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Earlier this month, an appellate court issued a written opinion in a truck accident case raising an interesting issue that occasionally comes up in Maryland truck accident cases. Specifically, the court had to discuss whether it was an error for the lower court to refuse to instruct the jury on the plaintiff’s duty to mitigate damages. Ultimately, the court concluded that the trial court was acting within its discretion when it refused to give the requested jury instruction.

The Facts of the Case

A truck driver was involved in an accident when he rear-ended another truck that was traveling 15-18 miles per hour on the highway. After the collision, the man’s truck caught on fire. The man’s son happened to be passing by and recognized his father’s truck. The son attempted to rescue his father but was unable to do so. He was seriously burned as a result of his rescue efforts.

Later, the son told other members of his family about his father’s death. As may be suspected, the deceased driver’s wife suffered serious emotional distress as a result of hearing the news and had to be hospitalized. She was unable to return to work due to the severity of her depression.

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Accidents involving semi trucks and other large commercial or industrial vehicles are relatively common in Maryland, D.C., and Northern Virginia. Tragically, the victims in the accidents with these large vehicles are more often seriously injured or killed than in other types of crashes. Accidents involving commercial vehicles may be caused by the negligent act of the commercial driver or else malfunctioning or unsafe equipment. Semi-trucks and many other commercial vehicles are not always easy to operate safely; with the large number of commercial vehicles on our roadways, it is necessary to set high standards for training and safety for commercial drivers.

Additional Safety Responsibilities for Commercial Drivers

Commercial drivers are required to carry a commercial driver’s license, or “CDL”, to legally operate a large commercial vehicle. Semi-trucks, vehicles transporting hazardous materials, and construction-related vehicles may require additional certifications. In commercial driving courses, drivers should learn about the hazards of driving a large vehicle, as well as the additional safety and legal responsibilities of commercial drivers, such as time logging and more frequent equipment checks. Unfortunately, many commercial vehicles on the road are not being safely operated by a properly licensed driver. When these vehicles are involved in accidents, the danger of somebody involved being seriously injured or killed increases.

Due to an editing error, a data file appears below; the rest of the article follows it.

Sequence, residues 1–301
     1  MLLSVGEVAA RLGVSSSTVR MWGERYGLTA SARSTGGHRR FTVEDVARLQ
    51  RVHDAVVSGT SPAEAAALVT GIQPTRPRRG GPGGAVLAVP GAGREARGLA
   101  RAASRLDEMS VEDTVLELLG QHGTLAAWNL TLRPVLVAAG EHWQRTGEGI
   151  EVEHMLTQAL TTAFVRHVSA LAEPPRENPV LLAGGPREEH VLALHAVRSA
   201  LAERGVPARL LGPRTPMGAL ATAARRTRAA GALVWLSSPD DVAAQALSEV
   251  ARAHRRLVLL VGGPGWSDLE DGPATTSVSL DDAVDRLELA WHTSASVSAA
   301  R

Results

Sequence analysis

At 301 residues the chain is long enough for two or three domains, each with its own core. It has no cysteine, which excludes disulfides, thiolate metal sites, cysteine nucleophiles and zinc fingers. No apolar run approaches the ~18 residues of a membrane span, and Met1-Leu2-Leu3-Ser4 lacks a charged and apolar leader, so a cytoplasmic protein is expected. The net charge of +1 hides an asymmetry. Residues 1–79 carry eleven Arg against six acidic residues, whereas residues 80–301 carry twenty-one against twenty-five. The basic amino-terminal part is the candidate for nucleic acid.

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One of the reasons that tractor-trailers and other large trucks are prone to getting involved in serious accidents is the fact that they require a longer distance to come to a complete stop. This is true even with an empty trailer, but when a truck is fully loaded, it can take up to three times the distance to come to a complete stop, compared to other, smaller vehicles.

It is for this reason that in geographical areas where visibility may be limited for one reason or another, truck drivers need to take extra precautions. The limited visibility may be due to fog or other weather conditions present on the road, but it may also be a function of the road itself. For example, winding roads that travel through heavily forested areas, as well as roads through the hills with peaks and valleys, present difficulties for truck drivers.

Notwithstanding the difficulty of operating a truck in these conditions, it is the truck driver’s duty to ensure the safe operation of his vehicle at all times. This often means researching a route in advance, slowing down to below-posted speeds, or even calling ahead to make arrangements with local law enforcement for safe passage.

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Recently in Delaware, an accident involving two cement trucks and a passenger car injured two people. According to a report by Delmarva Now, the accident occurred just after 9:15 in the morning near the intersection of Woodpecker Road and Butler Branch Road in Seaford, Delaware.

Evidently, a woman was heading south on Woodpecker Road and was approaching a narrow bridge. At the same time, two cement trucks were approaching the bridge from the opposite direction. Before the first truck entered the bridge, he slowed down in order to allow the driver of the car to cross the bridge first. However, the driver of the second cement truck, which was directly behind the first, was unable to stop in time and needed to make a last-minute decision whether to run into the truck in front of him or try and avoid a collision.

The driver of the second truck attempted to avoid the collision but ended up rolling the truck instead. As the driver of the car crossed the bridge, she crashed into the overturned cement truck. After the accident, both the driver of the cement truck and the driver of the car were taken to the hospital with minor injuries.